Canadian small enterprises, in particular, are lagging in their online presence. As of 2019, 17 percent of small enterprises have no web presence at all, and only 74 percent have a company website versus 91.5 percent for medium-sized enterprises and 95 percent of large enterprises. There is a smaller gap between small and medium-sized enterprises when it comes to social media use — 55.4 percent to 64.4 percent respectively, though both still significantly behind large enterprises with 74.8 percent having a social media account.
Not only are there gaps in the baseline adoption of technologies, but also in the strategies around how they are used. Data from the March 2021 Environics survey commissioned by the Scale Up Institute Toronto shows that small enterprises are using social media for more basic uses compared with larger companies. For example, companies with 10-99 employees are three times more likely to report that their social media use is not designed for actively engaging with new and existing customers, verses companies with over 500 employees.
There is a mixed picture in terms of industries which have no web presence (Figure 18). Across the board, small enterprises lag behind medium-sized enterprises. This lack of web presence harms enterprises when it comes to selling products and services online. One area where SMEs are using the web in high numbers is in their procurement. 67.7 percent of small enterprises ordered goods or services over the internet in 2019, along with 77.4 percent of medium-sized enterprises and 81.3 percent of large enterprises.
Despite this, only 22.5 percent of small enterprises receive orders or make sales of goods or services over the internet. SMEs are apparently adept at making purchases online though not enough are taking advantage of the internet to make both business-to-business and business-to-consumer sales. Recent analysis highlights some of the trends in online sales during the pandemic. Though, as noted earlier, there was a substantial growth in eCommerce during the pandemic, this was not matched by large numbers of enterprises shifting online. Indeed, in 2020 just 9 percent of Canadian businesses of all sizes made 60 percent or more of their total sales online, up just 3 percent from 2019.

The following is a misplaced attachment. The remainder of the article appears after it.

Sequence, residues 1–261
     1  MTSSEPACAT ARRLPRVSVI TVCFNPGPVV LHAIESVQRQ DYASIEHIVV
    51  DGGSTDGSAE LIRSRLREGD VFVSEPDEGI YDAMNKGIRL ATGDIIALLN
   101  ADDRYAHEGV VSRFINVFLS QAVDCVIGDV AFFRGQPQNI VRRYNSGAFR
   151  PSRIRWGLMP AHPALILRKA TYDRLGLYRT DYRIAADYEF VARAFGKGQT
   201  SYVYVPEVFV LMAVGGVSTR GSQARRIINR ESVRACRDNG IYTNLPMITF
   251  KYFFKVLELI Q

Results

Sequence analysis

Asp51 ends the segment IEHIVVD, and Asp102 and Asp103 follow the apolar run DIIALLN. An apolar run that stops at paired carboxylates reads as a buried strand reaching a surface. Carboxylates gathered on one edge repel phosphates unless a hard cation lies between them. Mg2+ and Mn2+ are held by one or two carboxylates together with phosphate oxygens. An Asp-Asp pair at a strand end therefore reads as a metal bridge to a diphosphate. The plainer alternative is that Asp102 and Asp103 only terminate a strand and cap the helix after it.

Businesses majority-owned by women reported a higher increase in companies that made at least some of their sales online in 2020 compared to all private sector businesses, though were also more likely to have reported a drop in revenue of 30 percent or more in 2020 compared to 2019 — speaking to the disproportionate impact of the pandemic on women despite higher levels of digital adoption.96 When it comes to proportion of online sales than in many other digital technology areas there is less of a distinction between SMEs and larger companies. There is almost no difference between enterprises with 20 to 99 employees and those with more than 100 employees in proportion of sales made online in 2020, with the smaller companies actually having a slightly higher proportion making more than 60 percent of their sales online — 9 percent versus 7 percent.
The full report is available from The Brookfield Institute. Dr. Thomas Goldsmith is an independent researcher and policy consultant collaborating with the Brookfield Institute. Tom works with innovation-focused organizations to help them understand public policy, and create coalitions and partnerships to help build an inclusive innovation economy in Canada. Report created in partnership with the Toronto Region Board of Trade, Scale-Up Institute – Toronto, and with support from Xero, a cloud-based accounting software platform for small businesses.